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Love and A Bony Butt

DuneI fell in love the moment I saw his bony butt. I have no idea why, except I knew he was to be mine, though a friend had arranged this meeting and first choice was hers. He was big and moved with an easy, if unsophisticated, grace that made him a joy to ride. Only four years old, he had not filled out yet. His registered name was Nikka Doone Sugar Bars.  I called him, Dune, after a book by one of my favorite authors.  He was a bay—brown with black stockings, a little white chip on one heel, a sweet face with a sickle-shaped splash of white on his forehead and bright, kind eyes.

For reasons I would never understand, but never regretted, my friend passed him by, and Dune was mine.  Over the twenty-six years we were together, he saved my life twice and just about got me killed an equal number of times.  I fell off him more than once and pay for it now with various aches and pains, but I don’t regret that either.

Like some men, Dune pretended he was not interested in affection and had to play hard to catch for at least a few minutes.  In the early days, before we moved to the country, I would get up before dawn and drive out to the farm where I boarded him, ride, get home, shower and go to work. One day I walked into the barn and saw him down in his stall.  He lay still and didn’t get to his feet when I approached, as instinct would have normally urged him to do.  My heart sank.  Only a sick horse would stay down like that.  Then I noticed a tiny furry head looking over his back.  Just after that, the straw near his hooves stirred, and I realized barn kittens had come in to snuggle during the cool of night, and my big horse was afraid to move lest he hurt them!  I knew then he was a special boy.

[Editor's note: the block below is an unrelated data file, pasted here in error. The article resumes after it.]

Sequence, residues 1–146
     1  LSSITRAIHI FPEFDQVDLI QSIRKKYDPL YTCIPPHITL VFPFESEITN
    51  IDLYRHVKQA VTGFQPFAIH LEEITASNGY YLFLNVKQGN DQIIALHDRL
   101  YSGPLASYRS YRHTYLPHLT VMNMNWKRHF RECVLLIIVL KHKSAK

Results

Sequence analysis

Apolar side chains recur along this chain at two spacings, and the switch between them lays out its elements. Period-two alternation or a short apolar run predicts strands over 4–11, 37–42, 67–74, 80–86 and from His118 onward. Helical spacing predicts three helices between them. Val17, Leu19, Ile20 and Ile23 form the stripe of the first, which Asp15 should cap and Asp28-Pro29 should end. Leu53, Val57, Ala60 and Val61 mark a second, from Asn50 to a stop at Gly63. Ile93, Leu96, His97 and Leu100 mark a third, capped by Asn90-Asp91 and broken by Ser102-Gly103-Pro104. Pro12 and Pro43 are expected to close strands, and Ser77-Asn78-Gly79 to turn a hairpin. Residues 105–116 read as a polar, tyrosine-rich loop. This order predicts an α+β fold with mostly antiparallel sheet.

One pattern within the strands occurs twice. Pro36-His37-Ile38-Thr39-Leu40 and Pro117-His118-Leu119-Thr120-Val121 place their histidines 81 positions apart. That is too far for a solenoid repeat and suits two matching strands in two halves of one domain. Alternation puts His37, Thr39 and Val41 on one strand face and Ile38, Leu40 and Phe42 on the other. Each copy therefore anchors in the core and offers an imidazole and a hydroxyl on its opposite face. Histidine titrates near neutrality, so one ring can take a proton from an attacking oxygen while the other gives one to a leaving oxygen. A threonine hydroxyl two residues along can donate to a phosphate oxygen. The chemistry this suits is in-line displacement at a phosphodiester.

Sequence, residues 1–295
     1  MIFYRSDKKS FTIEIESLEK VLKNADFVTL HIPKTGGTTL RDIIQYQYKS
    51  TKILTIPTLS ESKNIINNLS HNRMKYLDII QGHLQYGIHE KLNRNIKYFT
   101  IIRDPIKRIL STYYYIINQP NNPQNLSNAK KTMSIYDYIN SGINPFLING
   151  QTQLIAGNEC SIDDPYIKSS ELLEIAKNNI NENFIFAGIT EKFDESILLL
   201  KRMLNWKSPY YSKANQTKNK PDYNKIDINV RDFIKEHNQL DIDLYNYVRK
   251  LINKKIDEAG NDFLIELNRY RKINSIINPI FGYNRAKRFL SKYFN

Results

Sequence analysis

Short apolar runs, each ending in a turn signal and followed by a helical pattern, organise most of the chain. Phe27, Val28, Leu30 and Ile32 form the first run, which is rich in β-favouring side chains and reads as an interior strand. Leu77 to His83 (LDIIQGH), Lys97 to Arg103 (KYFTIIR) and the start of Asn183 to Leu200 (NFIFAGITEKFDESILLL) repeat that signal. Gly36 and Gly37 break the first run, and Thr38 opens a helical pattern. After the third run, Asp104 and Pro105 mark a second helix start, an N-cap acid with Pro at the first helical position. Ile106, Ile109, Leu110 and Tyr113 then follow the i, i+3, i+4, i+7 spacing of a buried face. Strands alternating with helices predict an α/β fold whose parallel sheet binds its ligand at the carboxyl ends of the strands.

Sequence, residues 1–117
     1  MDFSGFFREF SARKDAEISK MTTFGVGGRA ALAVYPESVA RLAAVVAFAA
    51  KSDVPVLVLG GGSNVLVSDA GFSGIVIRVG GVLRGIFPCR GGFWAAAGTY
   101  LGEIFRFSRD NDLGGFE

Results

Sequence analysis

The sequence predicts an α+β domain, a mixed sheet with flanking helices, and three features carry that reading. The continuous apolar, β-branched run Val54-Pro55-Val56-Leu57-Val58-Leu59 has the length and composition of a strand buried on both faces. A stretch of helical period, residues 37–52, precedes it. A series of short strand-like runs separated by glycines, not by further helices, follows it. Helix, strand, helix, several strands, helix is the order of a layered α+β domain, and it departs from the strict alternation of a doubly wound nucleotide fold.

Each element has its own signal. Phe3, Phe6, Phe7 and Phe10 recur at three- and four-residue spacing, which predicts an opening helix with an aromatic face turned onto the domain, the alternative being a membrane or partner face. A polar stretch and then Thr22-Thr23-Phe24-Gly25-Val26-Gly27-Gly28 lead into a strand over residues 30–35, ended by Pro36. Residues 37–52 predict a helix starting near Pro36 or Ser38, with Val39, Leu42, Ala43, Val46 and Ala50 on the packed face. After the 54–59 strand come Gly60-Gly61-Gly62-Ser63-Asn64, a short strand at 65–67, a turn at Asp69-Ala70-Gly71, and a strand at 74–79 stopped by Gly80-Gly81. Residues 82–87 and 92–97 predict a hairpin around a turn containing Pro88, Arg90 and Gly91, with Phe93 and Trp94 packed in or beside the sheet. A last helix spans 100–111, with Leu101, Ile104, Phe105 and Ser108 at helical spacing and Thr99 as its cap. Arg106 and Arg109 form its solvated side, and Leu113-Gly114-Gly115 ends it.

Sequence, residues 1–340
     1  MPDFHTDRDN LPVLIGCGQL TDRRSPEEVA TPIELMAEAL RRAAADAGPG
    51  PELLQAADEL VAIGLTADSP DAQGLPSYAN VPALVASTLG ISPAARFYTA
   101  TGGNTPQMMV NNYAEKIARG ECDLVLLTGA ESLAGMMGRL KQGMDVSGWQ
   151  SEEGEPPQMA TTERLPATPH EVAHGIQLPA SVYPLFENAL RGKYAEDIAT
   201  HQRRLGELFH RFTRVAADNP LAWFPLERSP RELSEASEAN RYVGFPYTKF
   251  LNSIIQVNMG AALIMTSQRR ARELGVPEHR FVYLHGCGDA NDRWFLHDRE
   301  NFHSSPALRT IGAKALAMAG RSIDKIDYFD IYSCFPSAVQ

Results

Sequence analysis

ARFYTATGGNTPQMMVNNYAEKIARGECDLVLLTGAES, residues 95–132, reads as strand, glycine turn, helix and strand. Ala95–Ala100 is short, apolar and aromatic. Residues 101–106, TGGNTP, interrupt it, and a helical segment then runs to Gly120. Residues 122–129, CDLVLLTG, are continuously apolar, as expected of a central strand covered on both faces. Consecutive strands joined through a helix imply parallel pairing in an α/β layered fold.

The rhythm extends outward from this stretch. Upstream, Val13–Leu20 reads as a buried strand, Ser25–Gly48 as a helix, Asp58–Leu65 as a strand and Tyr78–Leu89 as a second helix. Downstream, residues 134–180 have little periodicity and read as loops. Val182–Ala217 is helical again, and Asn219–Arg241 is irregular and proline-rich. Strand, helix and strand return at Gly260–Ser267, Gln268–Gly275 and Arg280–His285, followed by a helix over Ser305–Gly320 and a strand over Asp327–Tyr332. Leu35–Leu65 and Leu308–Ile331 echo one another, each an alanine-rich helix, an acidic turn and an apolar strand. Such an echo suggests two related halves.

He was a gentle giant with children as well as kittens, though he never cared much for dogs.  I taught several kids how to ride over the years, or perhaps it is more accurate to say that Dune taught them.  When a child led him, he walked slowly and carefully, his head lowered to the top of the little human’s head, and each foot placed as if on an eggshell.  If a child was on his back, I had to chase him with a stick to get him to move faster than a walk, and that would only be successful for a few feet, then he was back to a steady walk. On the other hand, the moment I got in the saddle—Katie, bar the door!  He loved to run and to jump, though apparently only with a rider, as I never saw him do either in the pasture.  All I had to do was lean forward and grab his mane, his signal to let ‘er rip, and we were off.  I usually aimed him at a long uphill grade to be sure I could rein him back in. The blood of race horses pulsed in him, and it was a thrilling, humbling experience to sit atop that explosion of power.